Holm applied the Page 69 Test to Red Right Hand, the second Hendricks novel, and reported the following:
Red Right Hand is the sequel to The Killing Kind, which introduced the world to Michael Hendricks. Once a covert operative for the US military, Hendricks makes his living hitting hitmen… or he did, until a criminal organization known as the Council caught wind and targeted the people he loves.Visit Chris Holm's website.
When viral video of a terrorist attack in San Francisco reveals that a Federal witness long thought dead is still alive, the organization he’d agreed to testify against—the Council—will stop at nothing to put him in the ground.
Special Agent Charlie Thompson is determined to protect him, but her hands are tied; the FBI’s sole priority is catching the terrorists before they strike again. So Charlie calls the only person on the planet who can keep her witness safe: Michael Hendricks.
Believing this witness could hold the key to taking the Council down, Hendricks agrees, even though it means wading into the center of a terror plot whose perpetrators are not what they seem.
Sounds exciting, right? Sure… but what’s on page sixty-nine? A bad man on his way to pick up a ringing telephone:Sal’s office was a cliché of a gentleman’s study. Mahogany paneling. Built-in floor-to-ceiling shelves lined with books he’d never read. A hinged, hand-painted globe that doubled as a bar cart. Burnished-leather armchairs. Banker’s lamps. An antique Wooton desk on which sat a phone, a leather blotter, and a computer.Sure, a little whiz-bang would’ve been nice, but I rather like the mystery generated by this phone call. Don’t you want to know who’s on the other end? Aren’t you curious why Sal works so hard to make his business line seem unimportant? Buy a copy of Red Right Hand and the answers you seek are but seventy pages away.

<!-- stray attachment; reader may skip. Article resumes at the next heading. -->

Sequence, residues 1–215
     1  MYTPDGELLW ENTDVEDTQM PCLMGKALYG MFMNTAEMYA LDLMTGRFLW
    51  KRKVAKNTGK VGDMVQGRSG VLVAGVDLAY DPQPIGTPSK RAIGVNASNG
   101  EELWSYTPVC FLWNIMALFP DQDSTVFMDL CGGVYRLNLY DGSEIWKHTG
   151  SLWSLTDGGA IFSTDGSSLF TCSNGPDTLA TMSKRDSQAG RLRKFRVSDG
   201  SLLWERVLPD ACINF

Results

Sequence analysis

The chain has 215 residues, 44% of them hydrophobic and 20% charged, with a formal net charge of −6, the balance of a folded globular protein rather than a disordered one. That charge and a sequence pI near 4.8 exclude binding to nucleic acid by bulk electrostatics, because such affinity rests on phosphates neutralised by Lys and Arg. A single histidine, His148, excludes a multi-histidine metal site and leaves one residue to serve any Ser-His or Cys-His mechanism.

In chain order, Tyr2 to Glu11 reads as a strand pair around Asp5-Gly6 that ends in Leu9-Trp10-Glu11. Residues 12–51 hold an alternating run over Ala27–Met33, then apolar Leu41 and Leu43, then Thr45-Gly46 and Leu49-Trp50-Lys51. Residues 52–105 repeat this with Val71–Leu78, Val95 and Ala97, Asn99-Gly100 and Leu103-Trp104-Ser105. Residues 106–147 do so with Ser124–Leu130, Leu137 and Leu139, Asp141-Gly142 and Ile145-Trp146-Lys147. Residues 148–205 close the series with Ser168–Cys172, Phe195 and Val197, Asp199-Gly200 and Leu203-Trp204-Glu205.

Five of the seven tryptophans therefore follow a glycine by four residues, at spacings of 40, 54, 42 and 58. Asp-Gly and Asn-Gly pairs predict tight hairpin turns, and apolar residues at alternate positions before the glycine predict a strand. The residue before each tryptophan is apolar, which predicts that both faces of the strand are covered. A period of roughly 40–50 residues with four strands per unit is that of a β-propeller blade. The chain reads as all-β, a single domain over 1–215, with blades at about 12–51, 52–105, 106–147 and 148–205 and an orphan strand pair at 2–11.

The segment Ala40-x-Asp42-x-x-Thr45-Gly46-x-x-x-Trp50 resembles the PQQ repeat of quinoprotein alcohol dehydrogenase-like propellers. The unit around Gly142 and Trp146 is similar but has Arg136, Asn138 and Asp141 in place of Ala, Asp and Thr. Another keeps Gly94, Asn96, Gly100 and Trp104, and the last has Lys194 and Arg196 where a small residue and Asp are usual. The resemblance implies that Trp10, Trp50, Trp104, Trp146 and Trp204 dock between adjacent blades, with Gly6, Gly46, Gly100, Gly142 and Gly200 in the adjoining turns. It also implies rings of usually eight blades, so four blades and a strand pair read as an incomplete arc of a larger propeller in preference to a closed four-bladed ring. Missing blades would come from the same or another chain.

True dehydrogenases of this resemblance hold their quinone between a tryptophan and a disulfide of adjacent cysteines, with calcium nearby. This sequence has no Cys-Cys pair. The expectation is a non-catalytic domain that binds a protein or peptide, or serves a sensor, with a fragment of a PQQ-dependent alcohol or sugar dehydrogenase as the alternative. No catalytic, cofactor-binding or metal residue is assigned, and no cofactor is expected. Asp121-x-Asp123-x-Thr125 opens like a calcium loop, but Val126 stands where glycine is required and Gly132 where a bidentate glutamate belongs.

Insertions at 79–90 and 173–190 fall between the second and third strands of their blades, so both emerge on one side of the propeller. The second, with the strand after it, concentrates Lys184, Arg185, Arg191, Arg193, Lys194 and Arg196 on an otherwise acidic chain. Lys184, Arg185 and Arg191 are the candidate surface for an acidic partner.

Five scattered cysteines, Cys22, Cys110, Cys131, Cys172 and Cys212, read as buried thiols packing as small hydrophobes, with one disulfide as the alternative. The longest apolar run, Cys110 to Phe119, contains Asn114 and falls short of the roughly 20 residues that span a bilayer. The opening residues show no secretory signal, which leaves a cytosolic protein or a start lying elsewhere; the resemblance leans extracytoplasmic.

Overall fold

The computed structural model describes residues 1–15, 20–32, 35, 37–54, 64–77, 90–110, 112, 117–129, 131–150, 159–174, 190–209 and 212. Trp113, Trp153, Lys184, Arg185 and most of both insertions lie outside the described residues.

Sal walked by it without a glance. His office was for show. A rodeo clown, intended to distract. He never conducted any business of real import in it.
The ringing phone was in his second guest room, which was tucked behind the kitchen. The third floor of Sal’s house comprised a guest suite—bedroom, bathroom, and sitting room—and that was where visitors typically stayed. Consequently, this bedroom was rarely used, and everything about it appeared to be an afterthought: The simple, metal-framed twin bed. The cheap floral comforter. The empty dresser. The prefab particleboard nightstand, upon which sat a lamp, a box of tissues, and an old rotary phone.
The phone wasn’t registered in Sal’s name. In fact, the line used to be connected to his neighbor’s teenage daughter’s room. When their house was foreclosed on years ago during the recession, he had surreptitiously had it rerouted and set the bill to auto-deduct from an online checking account opened for just that purpose. The former was a simple matter of redirecting a single wire; the latter, snatching a bill from his neighbor’s mailbox and calling the phone company to update the payment method. Committing fraud to get money out of major corporations is a tricky business, but committing fraud to give them money is easy, because they never think to question getting paid.
The Page 69 Test: The Killing Kind.